ATHENS – Blaming the previous ruling Radical Left SYRIZA for failing to deal with waste management problems, Prime Minister and New Democracy leader Kyriakos Mitsotakis said that unlawful landfills in the Peloponnese region would be shut by 2021.
In Parliament, taking a question from Odysseas Konstantinopoulos from the center-left Movement for Change (KINAL) alliance, Mitsotakis said that work on a new waste management facility in the area will start in the first semester of 2020, reported Kathimerini.
He said whichever company is chosen, based on a public-private partnership (PPP) will be required to start taking in waste for processing within ten months after the signing of the contract – meaning no later than the end of 2021.
“The issue is linked with the health and our lives through the global climate crisis while the residues of the every day life can turn into wealth and lead to an effective circular economy with cheap production of energy, job positions, eco-innovation growth and of course a better environment for all” he underlined.
He also took the chance to lambaste SYRIZA, which had claimed to be environmentally friendly but which he said paid only lip service to the cause and let landfills being fined by the European Union for a variety of violations keep operating.
Greece has been repeatedly fined for failing to meet EU waste management efforts to eliminate illegal landfills across the country, continuing under the Conservatives.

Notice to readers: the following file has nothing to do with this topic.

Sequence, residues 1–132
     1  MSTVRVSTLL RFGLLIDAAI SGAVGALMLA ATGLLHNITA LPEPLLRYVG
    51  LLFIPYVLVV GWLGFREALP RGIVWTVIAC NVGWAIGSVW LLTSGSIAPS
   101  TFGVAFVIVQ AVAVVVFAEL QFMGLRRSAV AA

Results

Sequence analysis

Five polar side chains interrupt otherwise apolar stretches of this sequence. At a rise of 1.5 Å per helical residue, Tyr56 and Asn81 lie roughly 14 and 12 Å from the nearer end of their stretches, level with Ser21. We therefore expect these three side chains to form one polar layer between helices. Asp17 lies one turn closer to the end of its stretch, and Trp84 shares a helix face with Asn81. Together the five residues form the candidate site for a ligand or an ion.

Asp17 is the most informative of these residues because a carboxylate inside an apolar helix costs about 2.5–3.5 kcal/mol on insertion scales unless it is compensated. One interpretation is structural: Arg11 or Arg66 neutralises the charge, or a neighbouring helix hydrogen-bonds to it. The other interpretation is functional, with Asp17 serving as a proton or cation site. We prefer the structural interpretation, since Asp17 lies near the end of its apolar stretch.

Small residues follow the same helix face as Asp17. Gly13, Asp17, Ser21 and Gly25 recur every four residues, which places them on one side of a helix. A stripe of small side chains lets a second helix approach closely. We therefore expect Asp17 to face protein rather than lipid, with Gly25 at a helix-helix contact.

In October, 2018, the SYRIZA government reopened 18 condemned landfills that were fined by the European Union as damaging to the environment and put them back into operation around the country, 16 in the Peloponnese, the European Commission said.
There are still 14 landfills on islands that should have been closed down years ago and replaced with more environmentally sustainable waste management facilities, said Kathimerini in a report on the reopening of the closed facilities.
It came through a decision from the Environment Ministry to allow passenger ferries to transport trash from islands struggling with waste management, with currently operating facilities not willing to take the overload.
Greece has already paid 51.2 million euros ($58.72 million in fines over such landfills. There was no information on why the European Union allowed the reopening of facilities it had condemned as unsafe.
On Sept. 7, 2016, Greece was hit with a fine of 10 million euros ($11.47 million) and another allegedly 30,000 euros ($34,404) a day for condemned landfills but there was no report on whether the daily fine was actually paid as so far it would be another 22.9 million euros ($26.26 million) and counting.
As much as 80% of waste ends up at Greek landfill sites, according to a 2010 report, the BBC said as the European Court of Justice (ECJ) said the government had not complied with several deadlines to improve, risking human health and the environment.
The ECJ, the highest EU court, ruled in 2009 that Greece had failed to carry out new rules on rubbish, hazardous waste and landfill and took further action after the government in Athens failed to meet its 2013 deadline. The court that said Greece’s failure to meet its obligations was “particularly serious in so far as it is liable to directly endanger human health and to harm the environment.”